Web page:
The internet and a GPS make great partners together. Unfamiliar with geocaching? It’s a modern day treasure hunt using a GPS. Where do you find out about the hidden treasures? There’s a lot of websites out there that publish them. The premier sites are geocaching.com and groundspeak.com but several others are out there as well. The sites deliver coordinates by state. Don’t forget to sign the hidden log when you find it.
So the question is what GPS should you use and then where do I put it? Your best bets are the handheld GPS units from Garmin (eTrex and GPSMAP series) or Magellan (eXplorist series). Garmin seems to cater best to geocachers with an entire section of their site dedicated to this hobby. They have also introduced a new line of handheld units called the Garmin GPSMAP 64 series that have over 250,000 goecaches preloaded. This is a real time saver as you can unbox your GPS and get started with this fun hobby. It can be cumbersome to program the exact GPS coordinates. The fact this is done for you out of the box makes the GPS worth the Garmin premium versus other brands of GPS.
Check out the Garmin Chirp which is a wireless beacon that will work with the Garmin GPSMAP 62, 64 or 78 series. It also works with the Dakota and Oregon series. The Chirp will act as a wireless beacon to help target the location. This makes geocaching lots of fun and cheats a bit. We have seen caches hidden in fake bolts. Who the heck is going to find a fake bolt and know to open it up?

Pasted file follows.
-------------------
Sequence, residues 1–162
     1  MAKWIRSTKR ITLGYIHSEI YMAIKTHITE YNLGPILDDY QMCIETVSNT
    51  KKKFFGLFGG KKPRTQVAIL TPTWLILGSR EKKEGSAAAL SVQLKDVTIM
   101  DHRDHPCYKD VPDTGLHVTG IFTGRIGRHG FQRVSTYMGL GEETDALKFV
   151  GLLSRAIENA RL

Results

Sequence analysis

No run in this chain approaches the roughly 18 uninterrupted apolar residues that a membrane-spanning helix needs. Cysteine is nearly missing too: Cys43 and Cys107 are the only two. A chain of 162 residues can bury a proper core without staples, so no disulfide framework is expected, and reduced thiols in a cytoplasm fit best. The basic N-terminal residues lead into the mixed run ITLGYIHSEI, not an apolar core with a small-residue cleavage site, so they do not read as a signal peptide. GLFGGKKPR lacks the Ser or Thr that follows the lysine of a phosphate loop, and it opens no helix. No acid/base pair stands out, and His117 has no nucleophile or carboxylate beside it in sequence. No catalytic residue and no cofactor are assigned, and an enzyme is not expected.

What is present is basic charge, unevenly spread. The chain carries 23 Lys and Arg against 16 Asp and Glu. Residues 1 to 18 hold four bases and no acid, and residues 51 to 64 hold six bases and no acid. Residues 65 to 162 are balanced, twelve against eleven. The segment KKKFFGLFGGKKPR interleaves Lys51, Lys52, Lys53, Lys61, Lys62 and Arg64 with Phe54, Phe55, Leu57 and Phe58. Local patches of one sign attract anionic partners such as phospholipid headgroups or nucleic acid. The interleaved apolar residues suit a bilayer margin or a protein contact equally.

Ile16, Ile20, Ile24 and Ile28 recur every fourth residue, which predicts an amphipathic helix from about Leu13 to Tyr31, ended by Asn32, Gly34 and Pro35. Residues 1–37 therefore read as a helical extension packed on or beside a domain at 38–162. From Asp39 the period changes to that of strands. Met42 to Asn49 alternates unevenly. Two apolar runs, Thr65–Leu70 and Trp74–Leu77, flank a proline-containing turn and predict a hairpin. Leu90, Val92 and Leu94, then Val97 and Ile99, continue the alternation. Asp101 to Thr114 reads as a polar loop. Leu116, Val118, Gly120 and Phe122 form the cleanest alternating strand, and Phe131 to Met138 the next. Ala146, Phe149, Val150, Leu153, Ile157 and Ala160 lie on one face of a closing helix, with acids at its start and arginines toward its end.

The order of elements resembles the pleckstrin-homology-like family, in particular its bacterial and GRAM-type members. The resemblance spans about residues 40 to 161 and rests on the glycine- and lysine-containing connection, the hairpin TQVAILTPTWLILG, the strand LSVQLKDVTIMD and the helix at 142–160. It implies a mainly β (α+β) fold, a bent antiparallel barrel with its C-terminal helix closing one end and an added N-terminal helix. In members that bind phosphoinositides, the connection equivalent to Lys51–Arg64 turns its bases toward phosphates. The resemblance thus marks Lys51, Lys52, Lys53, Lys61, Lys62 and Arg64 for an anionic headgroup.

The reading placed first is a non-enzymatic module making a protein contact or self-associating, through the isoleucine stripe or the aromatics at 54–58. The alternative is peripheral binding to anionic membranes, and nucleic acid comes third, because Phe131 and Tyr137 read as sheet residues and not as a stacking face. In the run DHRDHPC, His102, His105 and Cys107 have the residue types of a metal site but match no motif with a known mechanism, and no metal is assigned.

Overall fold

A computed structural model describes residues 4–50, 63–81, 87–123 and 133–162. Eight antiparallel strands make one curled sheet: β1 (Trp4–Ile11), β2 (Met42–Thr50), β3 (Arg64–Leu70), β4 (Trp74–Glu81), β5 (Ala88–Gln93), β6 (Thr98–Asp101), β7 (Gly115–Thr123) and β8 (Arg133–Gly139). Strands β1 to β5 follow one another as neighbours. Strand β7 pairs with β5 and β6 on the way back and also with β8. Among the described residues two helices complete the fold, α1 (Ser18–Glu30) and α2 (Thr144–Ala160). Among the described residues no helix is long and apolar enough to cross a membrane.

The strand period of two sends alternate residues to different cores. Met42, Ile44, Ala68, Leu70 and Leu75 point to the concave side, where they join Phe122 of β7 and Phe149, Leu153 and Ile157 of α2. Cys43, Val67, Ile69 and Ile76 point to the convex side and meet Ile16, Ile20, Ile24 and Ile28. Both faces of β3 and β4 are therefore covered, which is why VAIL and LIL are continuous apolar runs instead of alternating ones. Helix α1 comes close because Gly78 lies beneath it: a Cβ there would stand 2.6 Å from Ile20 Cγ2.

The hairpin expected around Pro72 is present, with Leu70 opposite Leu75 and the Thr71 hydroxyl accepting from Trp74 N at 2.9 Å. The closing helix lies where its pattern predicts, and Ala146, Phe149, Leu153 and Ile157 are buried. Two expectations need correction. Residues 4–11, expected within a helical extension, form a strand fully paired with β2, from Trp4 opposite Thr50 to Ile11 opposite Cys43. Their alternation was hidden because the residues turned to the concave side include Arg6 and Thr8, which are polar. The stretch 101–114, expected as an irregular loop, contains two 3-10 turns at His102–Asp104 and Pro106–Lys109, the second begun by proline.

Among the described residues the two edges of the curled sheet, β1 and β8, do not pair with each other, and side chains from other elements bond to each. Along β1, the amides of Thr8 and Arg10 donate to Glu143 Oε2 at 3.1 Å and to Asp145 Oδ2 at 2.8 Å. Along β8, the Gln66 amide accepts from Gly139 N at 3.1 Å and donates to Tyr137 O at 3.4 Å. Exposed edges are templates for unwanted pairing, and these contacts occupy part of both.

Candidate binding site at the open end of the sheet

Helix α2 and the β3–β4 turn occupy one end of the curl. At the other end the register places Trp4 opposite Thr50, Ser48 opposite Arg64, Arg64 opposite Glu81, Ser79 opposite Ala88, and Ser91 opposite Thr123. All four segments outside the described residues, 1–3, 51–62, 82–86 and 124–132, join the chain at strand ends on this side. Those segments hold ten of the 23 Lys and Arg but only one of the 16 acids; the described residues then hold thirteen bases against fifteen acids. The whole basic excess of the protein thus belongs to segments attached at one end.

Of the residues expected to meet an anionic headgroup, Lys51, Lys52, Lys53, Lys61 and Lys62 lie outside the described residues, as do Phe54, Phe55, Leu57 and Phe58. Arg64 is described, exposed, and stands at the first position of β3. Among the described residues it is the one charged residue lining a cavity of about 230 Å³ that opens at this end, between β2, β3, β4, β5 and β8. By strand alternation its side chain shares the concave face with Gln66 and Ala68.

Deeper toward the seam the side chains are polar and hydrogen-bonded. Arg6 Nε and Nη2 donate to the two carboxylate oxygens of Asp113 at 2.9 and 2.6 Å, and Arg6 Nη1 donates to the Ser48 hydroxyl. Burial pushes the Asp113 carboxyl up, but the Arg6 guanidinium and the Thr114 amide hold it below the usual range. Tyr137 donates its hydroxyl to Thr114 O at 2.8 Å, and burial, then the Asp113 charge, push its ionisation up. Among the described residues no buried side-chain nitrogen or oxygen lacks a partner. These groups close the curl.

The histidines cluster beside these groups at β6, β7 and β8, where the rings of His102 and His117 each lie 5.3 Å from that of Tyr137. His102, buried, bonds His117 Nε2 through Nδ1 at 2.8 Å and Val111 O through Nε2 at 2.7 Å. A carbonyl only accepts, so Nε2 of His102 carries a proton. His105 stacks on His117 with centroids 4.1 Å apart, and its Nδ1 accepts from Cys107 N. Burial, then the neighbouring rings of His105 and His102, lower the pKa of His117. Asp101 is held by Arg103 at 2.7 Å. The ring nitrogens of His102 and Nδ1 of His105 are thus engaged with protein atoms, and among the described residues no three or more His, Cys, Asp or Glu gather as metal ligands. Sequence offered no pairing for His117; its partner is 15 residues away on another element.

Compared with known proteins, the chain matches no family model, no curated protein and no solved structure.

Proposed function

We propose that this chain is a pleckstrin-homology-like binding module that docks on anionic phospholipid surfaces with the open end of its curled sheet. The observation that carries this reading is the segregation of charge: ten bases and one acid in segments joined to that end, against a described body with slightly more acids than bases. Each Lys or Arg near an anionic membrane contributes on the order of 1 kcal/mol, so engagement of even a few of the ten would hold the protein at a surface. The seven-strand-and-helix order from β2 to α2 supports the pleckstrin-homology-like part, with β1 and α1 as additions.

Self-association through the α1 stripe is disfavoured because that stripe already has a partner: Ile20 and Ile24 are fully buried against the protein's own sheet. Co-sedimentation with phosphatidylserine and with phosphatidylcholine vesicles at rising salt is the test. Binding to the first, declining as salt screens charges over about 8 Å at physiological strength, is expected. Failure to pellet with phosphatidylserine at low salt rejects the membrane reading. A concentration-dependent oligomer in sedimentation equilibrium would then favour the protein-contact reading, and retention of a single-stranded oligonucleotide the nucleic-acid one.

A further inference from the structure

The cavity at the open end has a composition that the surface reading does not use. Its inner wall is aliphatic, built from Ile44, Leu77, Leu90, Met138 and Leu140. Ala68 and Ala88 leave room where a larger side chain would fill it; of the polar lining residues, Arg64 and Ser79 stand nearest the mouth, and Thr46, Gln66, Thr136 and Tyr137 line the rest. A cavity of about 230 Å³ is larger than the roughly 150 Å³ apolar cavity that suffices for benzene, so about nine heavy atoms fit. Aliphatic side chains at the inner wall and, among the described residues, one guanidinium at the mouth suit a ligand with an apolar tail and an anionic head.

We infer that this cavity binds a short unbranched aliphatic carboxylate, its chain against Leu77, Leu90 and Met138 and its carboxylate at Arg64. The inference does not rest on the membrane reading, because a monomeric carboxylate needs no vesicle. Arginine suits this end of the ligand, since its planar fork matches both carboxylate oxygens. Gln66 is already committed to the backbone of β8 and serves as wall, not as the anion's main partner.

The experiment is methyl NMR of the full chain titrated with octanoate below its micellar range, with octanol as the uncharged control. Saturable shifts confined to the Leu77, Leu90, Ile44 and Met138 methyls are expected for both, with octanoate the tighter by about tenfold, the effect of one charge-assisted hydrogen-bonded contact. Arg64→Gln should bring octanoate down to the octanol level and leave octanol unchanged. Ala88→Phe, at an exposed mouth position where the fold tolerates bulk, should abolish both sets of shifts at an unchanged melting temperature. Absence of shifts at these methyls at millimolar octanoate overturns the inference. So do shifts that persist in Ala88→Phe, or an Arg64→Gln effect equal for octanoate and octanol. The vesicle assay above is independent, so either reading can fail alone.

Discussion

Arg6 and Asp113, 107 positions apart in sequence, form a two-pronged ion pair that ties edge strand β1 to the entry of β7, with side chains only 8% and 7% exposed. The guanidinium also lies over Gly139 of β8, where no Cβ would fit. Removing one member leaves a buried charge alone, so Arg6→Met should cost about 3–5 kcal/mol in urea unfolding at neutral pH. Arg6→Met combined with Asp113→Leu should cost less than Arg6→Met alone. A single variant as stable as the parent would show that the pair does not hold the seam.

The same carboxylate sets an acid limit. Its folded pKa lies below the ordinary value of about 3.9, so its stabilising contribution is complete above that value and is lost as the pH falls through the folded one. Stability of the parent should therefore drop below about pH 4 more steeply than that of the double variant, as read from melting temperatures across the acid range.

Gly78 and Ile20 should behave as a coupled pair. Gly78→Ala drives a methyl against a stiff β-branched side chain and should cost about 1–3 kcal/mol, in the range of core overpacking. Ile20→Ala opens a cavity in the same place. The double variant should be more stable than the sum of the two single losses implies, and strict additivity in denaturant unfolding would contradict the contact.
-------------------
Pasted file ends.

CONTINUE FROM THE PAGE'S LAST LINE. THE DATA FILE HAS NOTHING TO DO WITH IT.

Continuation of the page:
We’re the MountGuys so you know we’re going to break into a conversation about the types of mounts to use. A popular accessory for geocaching is the Garmin Belt Clip Mount. Having your GPS on your belt beats putting it in your pocket and having it fall out. By the way a lot of caches are hidden in the woods, so placing the GPS on your belt frees your hands for any balancing acts you might need to do. Most handheld GPS units include a belt clip which typically attaches to a know on the back of the GPS unit. That knob can often be removed if you would rather simply carry the GPS or mount it into a different mount that may include a custom cradle. A lot of handheld models include road maps so these can also be used in the car, hence the need for a different type of mount.
Some prefer the GPS someplace other than the belt. The Garmin Neck Lanyard is a good choice. This is a cord with a quick release attached for your GPS.
You might be on your bike when geocaching. Having a handlebar or stem mount allows you to keep both hands on the handlebar and the GPS in front of you. A real inexpensive option is the Garmin Stem Mount which includes a few twist ties to attach to your bike’s stem or handlebar. That’s what is in the photo that accompanies this article. The only drawback on this is that you need to cut the twist ties when taking it off however more are readily available at your nearest hardware store.
You can also be in an SUV or car, and a suction cup mount works best here. The RAM Suction Cup Mount for Garmin GPSMAP 62 and 64 Series is a solid choice. The mount includes a custom cradle that your GPS snaps into and has adjustments at the suction cup and cradle. The suction cup has a twist lock that ensures a good hold. It attaches to anything that is flat and smooth, most typically the windshield. All parts comes with a lifetime warranty from the manufacturer.
Whatever you choose to use for geocaching, you will have a lot of fun, and it’s free. You will also discover new parts of your country that you may not normally travel through so having a good GPS at your side is an excellent idea.